Thursday, 5 August 2010

A History Of The Pouch, In One Object

Picture an infinity of mock-pine workstations (formerly known as desks). Picture a human being at each one of those workstations, each divided from their neighbours by a low sweeping partition, impervious to drawing pins and blu-tac but just high enough to leave their heads visible. Picture me, sat somewhere in the unfashionable end of the western spiral of this galactically dull environment1.

Time moves slowly here. Slower than in the real world beyond the grey rollerblinds marking the distant borders of the Workstation Galaxy. This probably has something to do with gravity. Possibly due the enormous bulk of a female manager four rows and several pay scales away from me. Curse her singularity-inducing bosoms.

It is a quarter to five. It has been a quarter to five for several hours now. I have resorted to marking the passage of time, such as it is, by sporadic trips to the most distance multi-function-device (formerly known as a printer), even though I have nothing to multi-functionally, er, deploy. I have also rotated the corrugated card sheath in which my waxed cup of tea nestles, so that the point at which the sheath is joined to itself exactly matches the join of the waxy cup. Such is my existence. It’s not unlike that bloke in Greek mythology who had to roll a boulder up a hill for all eternity. Syphilis, I think his name was. I remember him from an episode of Ulysses 31, though I’m not sure if the giant robot ant they had to fight was strictly part of the original legend.

It is in this mood that I write to you. I feel it’s important to get across the setting in which it is being written. Robert Rankin writes longhand in exercise books sat in the pub, Douglas Adams had to be locked into a hotel room to finish So Long And Thanks For All The Fish. I sit at workstation 04-BK13 (there is also a barcode, I shit you not), and struggle with the brain-squashing numbness of office unlife.

Now, I could start banging on about the many and varied irritations that drift over the partitions and buzz about my head. The cumulative nigglances of Whiny Welsh Bloke’s whiny welsh voice; East End Annie’s inability to speak at anything less than a cat-strangling bellow; Starey-Faced Asian Man’s burnished pate teasing me from behind a coquettish veil of thinning black hair. I could bang on about them and others besides, but I won’t. I don’t hate these people, honestly. I’m just stuck with them forever, until 5:30. So I shan’t fulminate any longer. Disappointing to those of you who like to see me fume impotently I know, but I have another matter to bring before you. A mysterious matter of unknown origin…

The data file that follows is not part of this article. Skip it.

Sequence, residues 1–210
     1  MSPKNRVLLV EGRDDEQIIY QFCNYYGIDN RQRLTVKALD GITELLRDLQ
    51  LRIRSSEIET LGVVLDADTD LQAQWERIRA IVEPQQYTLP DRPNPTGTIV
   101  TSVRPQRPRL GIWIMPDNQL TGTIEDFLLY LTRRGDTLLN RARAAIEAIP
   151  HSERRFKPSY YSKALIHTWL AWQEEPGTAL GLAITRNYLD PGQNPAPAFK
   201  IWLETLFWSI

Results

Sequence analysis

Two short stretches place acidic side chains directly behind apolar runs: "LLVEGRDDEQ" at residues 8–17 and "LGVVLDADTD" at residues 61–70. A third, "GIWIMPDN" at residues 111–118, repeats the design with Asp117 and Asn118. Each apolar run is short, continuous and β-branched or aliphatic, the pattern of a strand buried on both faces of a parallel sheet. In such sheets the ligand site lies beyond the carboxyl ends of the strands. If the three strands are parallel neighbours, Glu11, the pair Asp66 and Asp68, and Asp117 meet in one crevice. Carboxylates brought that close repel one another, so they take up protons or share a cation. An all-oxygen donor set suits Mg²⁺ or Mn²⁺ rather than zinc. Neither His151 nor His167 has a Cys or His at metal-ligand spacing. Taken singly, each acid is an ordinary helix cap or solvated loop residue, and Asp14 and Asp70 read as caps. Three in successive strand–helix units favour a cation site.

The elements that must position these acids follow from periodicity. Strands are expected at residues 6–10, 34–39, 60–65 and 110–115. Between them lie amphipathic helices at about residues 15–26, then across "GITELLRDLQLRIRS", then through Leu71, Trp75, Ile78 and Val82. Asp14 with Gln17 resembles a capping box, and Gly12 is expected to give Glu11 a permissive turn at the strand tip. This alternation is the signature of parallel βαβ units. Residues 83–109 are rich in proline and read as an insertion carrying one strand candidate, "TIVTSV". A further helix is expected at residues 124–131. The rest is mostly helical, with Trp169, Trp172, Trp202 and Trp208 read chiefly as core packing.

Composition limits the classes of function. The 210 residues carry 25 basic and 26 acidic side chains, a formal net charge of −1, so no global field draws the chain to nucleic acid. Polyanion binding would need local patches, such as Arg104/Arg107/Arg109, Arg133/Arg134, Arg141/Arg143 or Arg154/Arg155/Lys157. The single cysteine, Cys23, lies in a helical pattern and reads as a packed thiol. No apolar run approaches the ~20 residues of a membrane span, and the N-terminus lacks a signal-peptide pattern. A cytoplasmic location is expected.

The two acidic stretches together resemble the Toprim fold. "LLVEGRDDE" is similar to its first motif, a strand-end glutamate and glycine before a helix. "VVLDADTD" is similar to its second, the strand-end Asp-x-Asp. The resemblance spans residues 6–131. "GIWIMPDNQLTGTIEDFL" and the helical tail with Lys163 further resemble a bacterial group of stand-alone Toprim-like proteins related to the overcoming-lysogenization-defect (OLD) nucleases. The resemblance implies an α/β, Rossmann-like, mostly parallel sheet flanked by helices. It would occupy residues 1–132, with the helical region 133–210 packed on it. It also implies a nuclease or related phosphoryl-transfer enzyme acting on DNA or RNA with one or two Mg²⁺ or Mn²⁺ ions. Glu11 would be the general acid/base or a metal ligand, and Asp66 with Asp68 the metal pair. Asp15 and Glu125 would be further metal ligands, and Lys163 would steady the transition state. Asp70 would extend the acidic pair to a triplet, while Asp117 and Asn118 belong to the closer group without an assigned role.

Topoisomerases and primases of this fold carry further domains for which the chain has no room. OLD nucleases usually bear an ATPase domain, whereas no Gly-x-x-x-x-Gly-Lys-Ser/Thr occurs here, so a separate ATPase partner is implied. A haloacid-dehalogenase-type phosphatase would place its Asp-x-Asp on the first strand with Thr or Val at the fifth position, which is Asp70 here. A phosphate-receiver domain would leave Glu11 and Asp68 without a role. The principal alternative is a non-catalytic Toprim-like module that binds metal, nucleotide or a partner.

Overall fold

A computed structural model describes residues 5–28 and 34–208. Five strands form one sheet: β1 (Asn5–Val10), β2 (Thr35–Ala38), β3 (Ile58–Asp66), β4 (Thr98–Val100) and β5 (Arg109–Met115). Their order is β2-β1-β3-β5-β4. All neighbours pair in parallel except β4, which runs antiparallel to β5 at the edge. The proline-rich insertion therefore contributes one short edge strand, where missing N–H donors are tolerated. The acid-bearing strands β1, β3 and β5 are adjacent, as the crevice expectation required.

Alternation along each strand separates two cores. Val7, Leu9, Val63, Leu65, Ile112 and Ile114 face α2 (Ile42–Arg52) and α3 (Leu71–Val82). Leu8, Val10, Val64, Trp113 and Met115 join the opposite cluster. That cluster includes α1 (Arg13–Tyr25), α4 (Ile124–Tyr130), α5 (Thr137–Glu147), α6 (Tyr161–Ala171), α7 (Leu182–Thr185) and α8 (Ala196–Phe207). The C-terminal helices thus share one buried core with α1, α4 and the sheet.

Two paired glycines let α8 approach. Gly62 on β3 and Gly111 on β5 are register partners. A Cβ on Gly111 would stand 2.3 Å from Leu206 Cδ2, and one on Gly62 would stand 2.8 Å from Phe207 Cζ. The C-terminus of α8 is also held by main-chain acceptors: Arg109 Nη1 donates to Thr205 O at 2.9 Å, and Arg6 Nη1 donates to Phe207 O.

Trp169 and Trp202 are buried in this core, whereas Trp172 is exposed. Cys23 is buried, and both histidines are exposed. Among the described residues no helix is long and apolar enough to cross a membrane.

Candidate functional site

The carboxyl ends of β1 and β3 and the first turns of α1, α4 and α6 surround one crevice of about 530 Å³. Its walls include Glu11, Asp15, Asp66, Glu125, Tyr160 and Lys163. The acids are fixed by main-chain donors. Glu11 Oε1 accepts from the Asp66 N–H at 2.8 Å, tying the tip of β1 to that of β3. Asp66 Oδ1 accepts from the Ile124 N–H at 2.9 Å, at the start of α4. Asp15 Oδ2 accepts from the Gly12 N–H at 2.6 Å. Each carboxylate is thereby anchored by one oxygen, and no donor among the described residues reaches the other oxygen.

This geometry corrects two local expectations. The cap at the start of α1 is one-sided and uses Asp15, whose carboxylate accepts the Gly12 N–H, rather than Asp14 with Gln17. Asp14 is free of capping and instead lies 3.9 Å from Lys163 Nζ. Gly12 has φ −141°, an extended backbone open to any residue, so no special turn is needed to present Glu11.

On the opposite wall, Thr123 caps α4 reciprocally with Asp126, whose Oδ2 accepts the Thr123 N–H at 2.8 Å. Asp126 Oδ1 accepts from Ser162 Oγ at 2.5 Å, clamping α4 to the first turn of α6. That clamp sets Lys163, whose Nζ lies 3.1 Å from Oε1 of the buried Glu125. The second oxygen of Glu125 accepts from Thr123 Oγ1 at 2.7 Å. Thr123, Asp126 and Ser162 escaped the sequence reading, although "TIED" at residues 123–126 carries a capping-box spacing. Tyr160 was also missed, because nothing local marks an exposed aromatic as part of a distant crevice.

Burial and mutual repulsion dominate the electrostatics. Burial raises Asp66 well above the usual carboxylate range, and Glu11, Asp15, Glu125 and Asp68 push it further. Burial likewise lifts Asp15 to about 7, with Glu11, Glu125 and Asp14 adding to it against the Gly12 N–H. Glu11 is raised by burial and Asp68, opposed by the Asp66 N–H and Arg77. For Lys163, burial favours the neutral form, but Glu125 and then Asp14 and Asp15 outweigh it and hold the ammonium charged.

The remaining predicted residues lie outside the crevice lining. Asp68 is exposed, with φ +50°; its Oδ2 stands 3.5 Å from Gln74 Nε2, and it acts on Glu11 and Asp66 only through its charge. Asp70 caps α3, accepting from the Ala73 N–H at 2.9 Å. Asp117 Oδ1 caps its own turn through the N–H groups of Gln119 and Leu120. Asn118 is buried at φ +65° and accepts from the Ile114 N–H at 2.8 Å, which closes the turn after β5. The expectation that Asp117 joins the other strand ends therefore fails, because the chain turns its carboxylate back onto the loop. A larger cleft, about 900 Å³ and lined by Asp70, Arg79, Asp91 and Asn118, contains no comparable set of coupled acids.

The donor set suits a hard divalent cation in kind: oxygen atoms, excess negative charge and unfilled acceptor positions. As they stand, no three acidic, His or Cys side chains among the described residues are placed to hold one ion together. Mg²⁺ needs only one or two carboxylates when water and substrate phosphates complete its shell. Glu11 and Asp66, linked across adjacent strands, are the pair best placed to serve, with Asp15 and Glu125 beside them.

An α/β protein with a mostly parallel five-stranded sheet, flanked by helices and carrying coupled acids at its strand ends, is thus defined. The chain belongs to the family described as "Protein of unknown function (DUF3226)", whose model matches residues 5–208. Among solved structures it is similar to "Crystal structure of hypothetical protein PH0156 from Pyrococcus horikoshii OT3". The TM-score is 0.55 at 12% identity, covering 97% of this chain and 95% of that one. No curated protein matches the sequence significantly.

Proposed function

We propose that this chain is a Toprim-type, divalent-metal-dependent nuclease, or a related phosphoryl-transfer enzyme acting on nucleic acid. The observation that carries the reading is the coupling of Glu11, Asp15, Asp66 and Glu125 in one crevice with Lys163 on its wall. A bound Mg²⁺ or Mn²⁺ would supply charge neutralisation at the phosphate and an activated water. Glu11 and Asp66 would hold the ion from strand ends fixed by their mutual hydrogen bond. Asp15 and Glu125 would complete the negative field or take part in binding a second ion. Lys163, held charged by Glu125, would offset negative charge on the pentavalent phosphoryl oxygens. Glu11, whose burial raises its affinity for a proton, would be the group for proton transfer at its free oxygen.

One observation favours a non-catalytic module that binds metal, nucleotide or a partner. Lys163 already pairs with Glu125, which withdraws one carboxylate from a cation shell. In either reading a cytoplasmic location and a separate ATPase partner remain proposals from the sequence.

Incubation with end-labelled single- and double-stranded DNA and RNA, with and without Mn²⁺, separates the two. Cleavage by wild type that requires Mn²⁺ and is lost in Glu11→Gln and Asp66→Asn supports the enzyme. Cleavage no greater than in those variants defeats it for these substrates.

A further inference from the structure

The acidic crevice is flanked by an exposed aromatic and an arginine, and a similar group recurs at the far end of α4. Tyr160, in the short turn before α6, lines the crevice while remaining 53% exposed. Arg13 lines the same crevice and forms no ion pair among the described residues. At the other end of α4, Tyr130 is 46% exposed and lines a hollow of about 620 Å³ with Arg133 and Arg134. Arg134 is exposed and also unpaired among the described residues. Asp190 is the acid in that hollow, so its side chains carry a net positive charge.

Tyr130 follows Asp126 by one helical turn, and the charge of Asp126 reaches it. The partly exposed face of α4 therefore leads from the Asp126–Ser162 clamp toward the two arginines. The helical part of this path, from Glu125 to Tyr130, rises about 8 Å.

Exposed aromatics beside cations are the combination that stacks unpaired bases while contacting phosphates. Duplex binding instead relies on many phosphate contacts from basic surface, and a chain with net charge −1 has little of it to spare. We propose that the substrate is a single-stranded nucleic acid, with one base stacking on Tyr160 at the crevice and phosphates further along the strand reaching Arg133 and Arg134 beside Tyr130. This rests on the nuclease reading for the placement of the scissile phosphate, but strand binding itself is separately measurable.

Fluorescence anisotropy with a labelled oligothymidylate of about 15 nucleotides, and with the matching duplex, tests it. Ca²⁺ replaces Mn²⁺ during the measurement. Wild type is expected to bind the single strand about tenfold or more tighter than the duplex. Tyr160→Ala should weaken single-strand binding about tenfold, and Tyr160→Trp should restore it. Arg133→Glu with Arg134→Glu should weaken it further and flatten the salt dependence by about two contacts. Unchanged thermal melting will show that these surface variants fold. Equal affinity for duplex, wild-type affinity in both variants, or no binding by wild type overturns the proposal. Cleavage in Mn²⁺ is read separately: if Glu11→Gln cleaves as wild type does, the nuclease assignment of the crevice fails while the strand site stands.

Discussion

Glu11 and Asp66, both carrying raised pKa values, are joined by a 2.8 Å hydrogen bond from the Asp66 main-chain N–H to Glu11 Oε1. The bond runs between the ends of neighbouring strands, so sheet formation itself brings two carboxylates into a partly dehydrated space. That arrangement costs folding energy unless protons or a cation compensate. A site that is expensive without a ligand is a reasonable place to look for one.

Regular readers may be aware of my on-off relationship with Radio 4, especially on a Thursday evening. Dubious comedies not fit for a proper TV series, that interminable agricultural drama, poncey arts magazines and so forth. Eagle-eared listeners may also have come across a programme called A History of The World, In 100 Objects. I include the comma in the title deliberately – the voiceover always pauses between World and In, as if to tease you with the possibility of a proper world chronology before snatching it away by reducing the entirety of global history to some bloke’s hundred favourite items from the British Museum. Since the bloke in question is the museum’s curator, a doubtless decent but forgettable chap whose name has already escaped me, the objects are guaranteed to be worthy lumps of archaeological ephemera which would barely warrant the merest flicker of the museum-goer’s eye as they hurried, and rightly so, straight to the room where they have genuine mummified crocodiles (oh yes). But this is the British Museum teamed up with the BBC, and Radio 4 at that, so what we get is a series of fifteen-minute yawnoramas about Cretan ceremonial goblets, Mayan birthing stones and Polynesian arse-flutes.